Classic Kiwi Christmas carols

‘Te harinui’ (great joy) versus ‘Te haranui’ (big mistake)

The first NZ Christmas Service

The first NZ Christmas service (click for image credit)

Carl’s Christmas blog from last year, Don’t be a turkey, has been pulling people in recently due to a comment by Jennie: ‘why do we not hear the nz christmas carol/song te haranui over the christmas period?’. The song is ‘Te harinui’ meaning great joy, rather than ‘Te haranui’, which actually means big mistake, or great sin.

Anyway, I suspect a few of you are hunting for the words to ‘Te harinui’, which, along with other Kiwi carols, can be found at this great folk song site. ‘Te harinui’ was written by Willow Macky about the first New Zealand Christmas service, held by Samuel Marsden in 1814. The chorus refers to Marsden’s service, which included a verse from the bible referring to ‘great joy’ (te harinui).

‘A pūkeko in a ponga tree’

Another great Kiwi carol is the adaptation of ‘The twelve days of Christmas‘ by Sir Kīngi Īhaka into ‘A pūkeko in a ponga tree’. His words, along with Dick Frizzell’s illustrations, were published as a book.  These kiwi lyrics beat the heck out of turtle doves and leaping lords:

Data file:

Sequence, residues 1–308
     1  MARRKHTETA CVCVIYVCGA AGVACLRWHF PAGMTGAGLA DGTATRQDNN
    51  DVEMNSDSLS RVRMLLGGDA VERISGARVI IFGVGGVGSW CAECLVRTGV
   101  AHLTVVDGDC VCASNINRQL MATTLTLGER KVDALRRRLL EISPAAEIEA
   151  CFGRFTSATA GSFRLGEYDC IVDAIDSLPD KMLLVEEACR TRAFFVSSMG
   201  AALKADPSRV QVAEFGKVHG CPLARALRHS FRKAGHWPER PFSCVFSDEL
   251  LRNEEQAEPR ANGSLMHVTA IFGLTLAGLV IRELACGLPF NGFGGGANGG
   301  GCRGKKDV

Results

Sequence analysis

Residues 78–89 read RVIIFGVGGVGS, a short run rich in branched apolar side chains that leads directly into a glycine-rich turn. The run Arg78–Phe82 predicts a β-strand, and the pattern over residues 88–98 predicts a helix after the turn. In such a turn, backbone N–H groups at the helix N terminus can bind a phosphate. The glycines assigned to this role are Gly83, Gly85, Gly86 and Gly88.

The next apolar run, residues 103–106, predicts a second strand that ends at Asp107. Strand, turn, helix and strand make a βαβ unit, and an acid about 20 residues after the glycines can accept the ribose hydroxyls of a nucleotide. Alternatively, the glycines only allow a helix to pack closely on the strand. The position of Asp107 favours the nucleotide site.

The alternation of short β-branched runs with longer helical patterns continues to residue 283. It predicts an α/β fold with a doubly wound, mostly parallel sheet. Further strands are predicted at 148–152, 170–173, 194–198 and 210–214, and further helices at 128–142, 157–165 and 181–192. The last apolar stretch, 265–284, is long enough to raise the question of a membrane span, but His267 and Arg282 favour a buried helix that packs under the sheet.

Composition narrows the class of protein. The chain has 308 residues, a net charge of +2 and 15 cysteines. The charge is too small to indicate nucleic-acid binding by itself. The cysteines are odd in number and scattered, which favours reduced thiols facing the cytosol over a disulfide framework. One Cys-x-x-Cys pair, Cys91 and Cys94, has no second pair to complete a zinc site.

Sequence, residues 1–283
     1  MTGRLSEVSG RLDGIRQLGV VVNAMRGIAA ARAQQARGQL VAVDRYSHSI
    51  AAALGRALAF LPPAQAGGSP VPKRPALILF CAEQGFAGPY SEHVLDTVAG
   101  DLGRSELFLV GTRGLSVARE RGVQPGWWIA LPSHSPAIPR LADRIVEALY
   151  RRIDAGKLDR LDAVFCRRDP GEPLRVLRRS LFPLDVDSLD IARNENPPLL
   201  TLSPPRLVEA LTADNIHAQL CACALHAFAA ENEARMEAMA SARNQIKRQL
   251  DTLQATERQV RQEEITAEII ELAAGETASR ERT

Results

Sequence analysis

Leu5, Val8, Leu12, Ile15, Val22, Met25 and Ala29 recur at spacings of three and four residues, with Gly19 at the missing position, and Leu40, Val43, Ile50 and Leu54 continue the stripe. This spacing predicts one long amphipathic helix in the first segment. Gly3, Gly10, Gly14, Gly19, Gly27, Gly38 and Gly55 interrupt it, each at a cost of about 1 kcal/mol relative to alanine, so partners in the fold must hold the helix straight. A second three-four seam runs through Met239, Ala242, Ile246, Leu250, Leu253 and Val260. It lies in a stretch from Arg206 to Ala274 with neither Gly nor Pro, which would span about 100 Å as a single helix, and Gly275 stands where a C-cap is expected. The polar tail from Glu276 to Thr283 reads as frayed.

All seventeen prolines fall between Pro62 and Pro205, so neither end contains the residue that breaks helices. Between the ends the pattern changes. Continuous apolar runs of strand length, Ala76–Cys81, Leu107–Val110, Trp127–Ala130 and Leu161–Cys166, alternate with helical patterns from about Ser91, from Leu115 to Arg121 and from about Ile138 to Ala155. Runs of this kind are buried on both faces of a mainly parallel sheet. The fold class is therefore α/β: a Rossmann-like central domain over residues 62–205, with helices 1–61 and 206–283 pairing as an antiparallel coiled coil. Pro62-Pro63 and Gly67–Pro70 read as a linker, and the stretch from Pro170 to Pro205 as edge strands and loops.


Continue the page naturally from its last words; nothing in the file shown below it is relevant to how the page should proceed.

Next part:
On the twelfth day of Christmas
My true love gave to me
Twelve piupius swinging
Eleven haka lessons
Ten juicy fish heads
Nine sacks of pipis
Eight plants of puha
Seven eels a swimming
Six pois a twirling
Five – big – fat – pigs!
Four huhu grubs
Three flax kits
Two kumara
And a pūkeko in a ponga tree!

Musical fence

Musical fence

‘Good King Wenceslas’ the Kiwi way

What about ‘Good King Wenceslas’ played on a No. 8 wire fence in true Kiwi style?

‘We three kings’

The line-up wouldn’t be complete without this classic from Fred Dagg:

We three Kings of Orient are
One on a tractor, One on a car,
One on a scooter, tooting his hooter,
Following yonder star.

Oh, star a wonder, star a bright
Star a bewdy, she’ll be right,
Star a glory, that’s the story,
Following yonder star

One comment added so far

  1. Comment made by Ross || December 24th, 2008

    Nice blog, Baz. Love those links! Who knew that Te Ara was based on a Christmas carol?

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